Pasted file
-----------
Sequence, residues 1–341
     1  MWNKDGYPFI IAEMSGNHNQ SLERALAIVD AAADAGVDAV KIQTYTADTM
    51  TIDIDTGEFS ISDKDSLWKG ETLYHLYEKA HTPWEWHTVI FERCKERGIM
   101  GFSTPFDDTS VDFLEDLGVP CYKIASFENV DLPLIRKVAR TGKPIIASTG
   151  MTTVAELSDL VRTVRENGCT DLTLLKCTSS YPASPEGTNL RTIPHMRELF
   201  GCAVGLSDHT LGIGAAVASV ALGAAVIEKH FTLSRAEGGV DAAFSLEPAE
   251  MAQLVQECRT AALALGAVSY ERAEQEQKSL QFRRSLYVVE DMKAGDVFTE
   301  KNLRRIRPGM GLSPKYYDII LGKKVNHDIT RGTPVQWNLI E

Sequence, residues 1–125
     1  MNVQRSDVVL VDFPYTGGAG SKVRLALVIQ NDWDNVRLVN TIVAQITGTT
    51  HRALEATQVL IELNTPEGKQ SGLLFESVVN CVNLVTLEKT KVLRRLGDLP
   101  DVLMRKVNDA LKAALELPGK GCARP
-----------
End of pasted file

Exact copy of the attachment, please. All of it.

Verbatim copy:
Sequence, residues 1–341
     1  MWNKDGYPFI IAEMSGNHNQ SLERALAIVD AAADAGVDAV KIQTYTADTM
    51  TIDIDTGEFS ISDKDSLWKG ETLYHLYEKA HTPWEWHTVI FERCKERGIM
   101  GFSTPFDDTS VDFLEDLGVP CYKIASFENV DLPLIRKVAR TGKPIIASTG
   151  MTTVAELSDL VRTVRENGCT DLTLLKCTSS YPASPEGTNL RTIPHMRELF
   201  GCAVGLSDHT LGIGAAVASV ALGAAVIEKH FTLSRAEGGV DAAFSLEPAE
   251  MAQLVQECRT AALALGAVSY ERAEQEQKSL QFRRSLYVVE DMKAGDVFTE
   301  KNLRRIRPGM GLSPKYYDII LGKKVNHDIT RGTPVQWNLI E

Sequence, residues 1–125
     1  MNVQRSDVVL VDFPYTGGAG SKVRLALVIQ NDWDNVRLVN TIVAQITGTT
    51  HRALEATQVL IELNTPEGKQ SGLLFESVVN CVNLVTLEKT KVLRRLGDLP
   101  DVLMRKVNDA LKAALELPGK GCARP